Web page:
Nikki Kelly has an article in the Journal Gazette contrasting some of Gov. Daniels education priorities with a recent poll on the public’s preferences for education.
Much as I like needling Gov. Daniels, I’m also skeptical of the value of polls on people’s policy preferences. People who are smart enough in their own areas of expertise don’t necessarily have the time or inclination to be informed on details of government policy.
But, for whatever it’s worth, people favor financing struggling schools more generously than those with rapid population growth. Gov. Daniels goes the opposite direction. Coincidentally, I’m sure, older schools with more challenging student populations tend to be in areas that are more likely to vote for the Democrats. Schools in high growth areas tend to have more children of affluent people who are more likely to vote for Gov. Daniels.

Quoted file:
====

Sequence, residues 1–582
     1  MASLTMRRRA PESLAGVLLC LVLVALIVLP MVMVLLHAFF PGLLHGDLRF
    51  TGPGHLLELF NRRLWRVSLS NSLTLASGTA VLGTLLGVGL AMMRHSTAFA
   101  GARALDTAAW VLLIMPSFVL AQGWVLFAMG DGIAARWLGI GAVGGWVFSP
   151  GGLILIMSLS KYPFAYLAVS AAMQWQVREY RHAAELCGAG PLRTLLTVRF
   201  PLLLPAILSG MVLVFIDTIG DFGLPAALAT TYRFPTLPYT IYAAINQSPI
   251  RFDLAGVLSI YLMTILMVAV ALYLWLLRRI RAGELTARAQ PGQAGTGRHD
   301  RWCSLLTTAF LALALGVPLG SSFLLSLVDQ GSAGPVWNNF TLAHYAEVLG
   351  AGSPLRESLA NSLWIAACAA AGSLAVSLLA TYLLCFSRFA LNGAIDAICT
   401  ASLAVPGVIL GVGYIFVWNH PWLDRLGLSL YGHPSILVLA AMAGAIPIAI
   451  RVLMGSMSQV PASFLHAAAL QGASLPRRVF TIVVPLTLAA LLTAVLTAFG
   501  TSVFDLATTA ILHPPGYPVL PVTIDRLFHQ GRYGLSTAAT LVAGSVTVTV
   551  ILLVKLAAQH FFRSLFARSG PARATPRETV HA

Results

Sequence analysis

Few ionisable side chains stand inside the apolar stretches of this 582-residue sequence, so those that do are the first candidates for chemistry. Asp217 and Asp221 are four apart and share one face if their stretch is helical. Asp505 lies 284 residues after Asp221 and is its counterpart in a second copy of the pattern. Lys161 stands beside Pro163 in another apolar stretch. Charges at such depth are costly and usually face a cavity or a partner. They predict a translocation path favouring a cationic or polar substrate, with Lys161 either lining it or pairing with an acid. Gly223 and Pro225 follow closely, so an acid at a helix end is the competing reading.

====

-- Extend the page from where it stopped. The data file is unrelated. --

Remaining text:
People think parental involvement is more important than changes like paying teachers more. Gov. Daniels says you can’t mandate parental involvement. He’s mostly right with that, but I’d say policies he favors that put downward pressure on wages contribute to the lack of parental involvement. It’s simply tougher for parents to be involved where you need two incomes to support the family instead of being able to have one parent at home.
The last item said that the public favors, by a 2-to-1 margin, supporting current schools rather than creating more charter schools. I tend to chalk up continued support for charter schools – in the face of evidence that, on the whole, they don’t perform notably better than traditional schools – to a love of union busting.